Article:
5 Lessons Our Adult Children with Disabilities Need Us to Learn

As our children with special needs grow into adulthood, they need us to grow too.

We have a legally binding contract in our home stating that if Max keeps his body healthy for the day, he will be rewarded with enough sugar to propel him into several lunar orbits. Yes, I’m telling you unashamedly, this is actually part of what we call our “healthy body program.” My 25 year-old son has a few self-destructive tendencies, which appear to be nicely tamed by the lure of sugar. When Max keeps his body healthy for the day, he can earn a Popsicle, as well as two small gluten-free cookies that closely resemble cardboard in both appearance and taste. And when things really go well, he can earn a smoothie.

Our wonderful autism consultant, Jeanne, was making a visit as we finished up our dinner. Max sat back from his now empty plate, his tummy round and full, and yelled, “Smoothie!” “You earned it Max!” I cheered as I jumped up to head into the kitchen. It was then that I heard a soft and knowing voice.

“He can make it himself,” Jeanne said.

My eyes widened a bit. The thought had never actually occurred to me, perhaps because the smoothie is made in a machine that utilizes whirling blades sharp enough to liquefy a rock in 1.6 seconds.

“Just give him a recipe,” she said kindly. Ok, I thought. I can write up a list of ingredients. And then she said something that made me search her blue eyes as if she might have bumped her head. “But don’t help him.”

Don’t help him? I thought. He’s never done this before! It’s our job to help Max.

“Just see what he can do on his own,” she added, “without any help or direction.” With that Jeanne packed up her things and floated out the door.

My eyes darted toward Max’s teacher, Kacey, who has been a constant support for the past 4 years. Kacey knows Max. She met my wide eyes with a calmness that would not let me off the hook.

I dutifully wrote up the recipe, placed it on the counter beside the NutriBullet, and called Max over. “Max, you can make your smoothie tonight. Here is the recipe,” I said as I darted toward the other side of the kitchen and ducked into a foxhole.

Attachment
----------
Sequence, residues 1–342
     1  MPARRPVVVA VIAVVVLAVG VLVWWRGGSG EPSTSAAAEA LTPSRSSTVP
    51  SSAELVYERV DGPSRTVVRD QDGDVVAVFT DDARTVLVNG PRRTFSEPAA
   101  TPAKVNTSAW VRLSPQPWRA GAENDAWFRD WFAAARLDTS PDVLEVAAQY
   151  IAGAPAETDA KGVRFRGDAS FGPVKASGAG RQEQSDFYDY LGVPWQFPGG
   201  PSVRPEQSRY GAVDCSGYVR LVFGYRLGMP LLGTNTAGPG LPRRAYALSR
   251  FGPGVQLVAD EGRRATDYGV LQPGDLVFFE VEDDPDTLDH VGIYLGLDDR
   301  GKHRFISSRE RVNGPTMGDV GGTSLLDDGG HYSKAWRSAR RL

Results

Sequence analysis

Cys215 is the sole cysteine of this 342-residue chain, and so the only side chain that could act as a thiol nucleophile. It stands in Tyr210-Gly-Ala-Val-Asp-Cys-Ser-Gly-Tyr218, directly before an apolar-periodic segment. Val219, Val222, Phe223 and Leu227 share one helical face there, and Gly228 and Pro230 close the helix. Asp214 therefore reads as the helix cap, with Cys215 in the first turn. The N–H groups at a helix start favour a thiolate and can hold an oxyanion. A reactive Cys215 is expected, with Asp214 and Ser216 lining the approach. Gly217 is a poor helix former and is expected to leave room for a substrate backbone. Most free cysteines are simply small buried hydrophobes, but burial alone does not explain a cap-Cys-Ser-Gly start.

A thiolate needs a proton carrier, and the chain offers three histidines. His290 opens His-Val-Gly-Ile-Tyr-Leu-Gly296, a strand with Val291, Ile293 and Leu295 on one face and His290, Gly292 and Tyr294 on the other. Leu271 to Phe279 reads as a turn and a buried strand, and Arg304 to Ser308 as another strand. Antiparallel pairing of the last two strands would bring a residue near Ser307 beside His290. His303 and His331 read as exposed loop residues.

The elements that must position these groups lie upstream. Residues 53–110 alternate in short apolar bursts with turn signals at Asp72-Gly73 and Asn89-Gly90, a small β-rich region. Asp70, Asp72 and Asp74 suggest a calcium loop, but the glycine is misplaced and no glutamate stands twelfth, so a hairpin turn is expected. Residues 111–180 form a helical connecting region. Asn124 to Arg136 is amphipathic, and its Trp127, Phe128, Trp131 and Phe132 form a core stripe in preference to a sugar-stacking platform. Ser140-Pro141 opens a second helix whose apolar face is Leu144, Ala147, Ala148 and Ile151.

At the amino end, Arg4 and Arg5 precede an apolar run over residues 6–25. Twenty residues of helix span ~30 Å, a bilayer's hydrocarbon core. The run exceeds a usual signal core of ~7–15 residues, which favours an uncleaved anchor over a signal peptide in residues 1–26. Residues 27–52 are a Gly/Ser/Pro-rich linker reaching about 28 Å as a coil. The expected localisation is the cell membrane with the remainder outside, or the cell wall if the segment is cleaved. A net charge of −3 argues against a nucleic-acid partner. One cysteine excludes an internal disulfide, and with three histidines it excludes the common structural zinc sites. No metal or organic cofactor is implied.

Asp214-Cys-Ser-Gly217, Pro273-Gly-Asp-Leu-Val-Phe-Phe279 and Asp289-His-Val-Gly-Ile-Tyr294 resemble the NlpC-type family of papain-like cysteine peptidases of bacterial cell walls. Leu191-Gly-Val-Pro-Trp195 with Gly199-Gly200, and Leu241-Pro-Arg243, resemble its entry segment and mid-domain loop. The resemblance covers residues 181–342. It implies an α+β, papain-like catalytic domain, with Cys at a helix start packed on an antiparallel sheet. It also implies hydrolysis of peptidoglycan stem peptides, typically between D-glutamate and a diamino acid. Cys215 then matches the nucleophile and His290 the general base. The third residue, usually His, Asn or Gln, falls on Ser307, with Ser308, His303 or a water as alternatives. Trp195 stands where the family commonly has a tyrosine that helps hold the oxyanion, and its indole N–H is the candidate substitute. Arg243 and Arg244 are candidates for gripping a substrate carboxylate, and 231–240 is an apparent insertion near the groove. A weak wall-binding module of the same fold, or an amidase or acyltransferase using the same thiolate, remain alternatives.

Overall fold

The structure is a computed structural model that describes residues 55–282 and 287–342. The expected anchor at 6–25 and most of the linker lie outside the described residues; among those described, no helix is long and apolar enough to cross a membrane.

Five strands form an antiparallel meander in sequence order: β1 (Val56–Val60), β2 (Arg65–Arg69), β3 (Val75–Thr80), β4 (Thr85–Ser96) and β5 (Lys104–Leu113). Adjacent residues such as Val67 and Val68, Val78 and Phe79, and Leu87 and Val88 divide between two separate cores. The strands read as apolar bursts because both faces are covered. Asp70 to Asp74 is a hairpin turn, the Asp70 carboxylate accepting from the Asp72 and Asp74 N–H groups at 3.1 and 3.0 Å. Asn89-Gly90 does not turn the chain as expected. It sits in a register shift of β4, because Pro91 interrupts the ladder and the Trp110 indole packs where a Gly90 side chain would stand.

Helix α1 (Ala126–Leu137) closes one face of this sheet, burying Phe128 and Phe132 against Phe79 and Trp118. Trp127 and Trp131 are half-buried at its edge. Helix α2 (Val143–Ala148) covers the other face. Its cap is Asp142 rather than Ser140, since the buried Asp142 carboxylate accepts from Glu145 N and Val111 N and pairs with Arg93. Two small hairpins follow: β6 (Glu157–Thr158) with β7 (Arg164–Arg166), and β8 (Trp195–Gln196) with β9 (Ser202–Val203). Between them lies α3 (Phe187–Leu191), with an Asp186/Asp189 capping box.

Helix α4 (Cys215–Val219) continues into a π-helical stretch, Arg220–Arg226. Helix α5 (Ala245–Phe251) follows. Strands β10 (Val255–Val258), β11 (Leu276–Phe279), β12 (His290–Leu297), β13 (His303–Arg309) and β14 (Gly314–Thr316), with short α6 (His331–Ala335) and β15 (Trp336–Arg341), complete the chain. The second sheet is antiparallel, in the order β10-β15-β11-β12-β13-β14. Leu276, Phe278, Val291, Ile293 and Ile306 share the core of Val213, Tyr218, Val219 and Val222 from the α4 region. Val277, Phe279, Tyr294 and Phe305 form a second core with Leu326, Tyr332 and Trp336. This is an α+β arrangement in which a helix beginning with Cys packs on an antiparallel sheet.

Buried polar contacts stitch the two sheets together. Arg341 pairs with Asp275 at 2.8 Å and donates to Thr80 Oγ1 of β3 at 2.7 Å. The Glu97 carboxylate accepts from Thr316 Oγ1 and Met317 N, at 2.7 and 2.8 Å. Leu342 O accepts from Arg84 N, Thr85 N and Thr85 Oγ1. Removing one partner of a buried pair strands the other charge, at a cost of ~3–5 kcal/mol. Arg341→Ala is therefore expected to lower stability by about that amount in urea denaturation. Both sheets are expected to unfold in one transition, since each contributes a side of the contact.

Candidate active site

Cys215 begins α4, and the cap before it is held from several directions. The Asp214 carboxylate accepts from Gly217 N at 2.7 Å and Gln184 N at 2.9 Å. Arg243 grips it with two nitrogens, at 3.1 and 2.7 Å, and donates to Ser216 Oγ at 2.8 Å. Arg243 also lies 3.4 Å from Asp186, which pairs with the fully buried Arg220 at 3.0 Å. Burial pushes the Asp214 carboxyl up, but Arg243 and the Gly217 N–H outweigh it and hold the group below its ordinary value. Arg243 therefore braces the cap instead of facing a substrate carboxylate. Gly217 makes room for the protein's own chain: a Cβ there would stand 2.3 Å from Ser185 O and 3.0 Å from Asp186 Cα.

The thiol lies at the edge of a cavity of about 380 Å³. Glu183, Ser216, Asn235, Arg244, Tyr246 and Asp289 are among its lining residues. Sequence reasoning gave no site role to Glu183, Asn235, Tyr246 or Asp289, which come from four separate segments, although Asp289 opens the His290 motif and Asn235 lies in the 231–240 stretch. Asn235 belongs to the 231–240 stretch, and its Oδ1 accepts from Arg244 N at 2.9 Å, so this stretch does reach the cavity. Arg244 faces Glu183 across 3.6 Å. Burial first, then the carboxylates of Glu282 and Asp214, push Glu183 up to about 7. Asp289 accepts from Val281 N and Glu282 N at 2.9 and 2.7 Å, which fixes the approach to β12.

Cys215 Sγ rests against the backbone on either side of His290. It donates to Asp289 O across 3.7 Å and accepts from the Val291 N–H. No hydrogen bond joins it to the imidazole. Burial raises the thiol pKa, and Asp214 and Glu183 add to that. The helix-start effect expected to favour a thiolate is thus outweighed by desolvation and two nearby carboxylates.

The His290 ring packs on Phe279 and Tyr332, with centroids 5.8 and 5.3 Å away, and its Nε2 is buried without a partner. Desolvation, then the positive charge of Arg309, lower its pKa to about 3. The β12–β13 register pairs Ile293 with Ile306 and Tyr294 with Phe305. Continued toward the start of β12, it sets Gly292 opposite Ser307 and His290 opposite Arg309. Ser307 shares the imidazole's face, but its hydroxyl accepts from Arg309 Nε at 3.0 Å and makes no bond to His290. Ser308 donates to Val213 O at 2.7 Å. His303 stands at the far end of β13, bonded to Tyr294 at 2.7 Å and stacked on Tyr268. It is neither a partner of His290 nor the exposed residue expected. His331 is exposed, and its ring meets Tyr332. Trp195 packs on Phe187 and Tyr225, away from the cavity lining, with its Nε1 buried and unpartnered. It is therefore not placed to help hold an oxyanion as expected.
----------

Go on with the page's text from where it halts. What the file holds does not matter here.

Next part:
Max awkwardly approached the recipe, took one look, and immediately made a sound that if properly channeled, could be used to alert police in the event of a prison break.

Eventually, after several minutes of protest and demands for help, Max turned toward the recipe. Forgetting those pesky measuring cups, he grabbed the bag of ice and filled the NutriBullet container to glacial proportions, spilling cubes across the counter and onto the floor. Max paused for a moment, and then threw a few ice cubes back into the freezer before realizing it was faster to hide them behind the coffee pot. He then reached for the second ingredient, frozen bananas, for which there was absolutely no room in the container.

Kacey and I locked eyes, both of us silently cringing as if we were watching Max spoon-feed an alligator, which would not be on the program for at least another month.

It was agonizing. I felt as if my hands had been tied behind my back and tape stretched across my mouth. Everything in me wanted to rush in and help, to keep my son from failing, to keep him from the struggle. His life with autism is already so hard – it’s my job to make something easier. Isn’t it? For the past 25 years I have lived like a sprinter on the block, running shoes on, glasses wiped clean, eyes vigilantly darting from side to side. I’ve been trained to spring into action, to prevent and protect, to do for Max.

I have lost the ability to see when I might sit on the side and stretch a little.

The hand written recipe was now wet and curling against the kitchen counter, the ink already blurring on the page. Max stared at the NutriBullet container overflowing with ice and without a speck of room for the bananas. He pulled his shoulders up to his ears, and I braced for another protest. But as I watched, Max did something else…

He thought.

He problem solved.

He figured it out.

It wasn’t close to being right. It took four times as long to make. By the time he finished, there was smoothie pouring lava-like down the cabinets and peanut butter hidden in places that won’t be found until it has fossilized in the next millenium. But none of that matters.

“You did it Max!” Kacey and I yelled, with our hands finally free and stretching into the air.

Max turned around, globs of smoothie dripping from his cup, and forced a rather distressed grin.

I smiled back, almost gasping, as if I’d experienced a little bit of a miracle in Max, and maybe even more so in my own heart.

That night I rushed to my notebook and wrote down my thoughts. I titled it my 5 lessons from the smoothie.

          My child can do more than I know.

          Hovering is not helping. Rescuing is not teaching.

          My child needs a problem before he can problem solve.

          My child needs the privilege of experiencing failure.

          Anything worth it comes with a struggle.

Now … with all that said, maybe we should wait just a bit for that alligator-feeding program.

By Emily Colson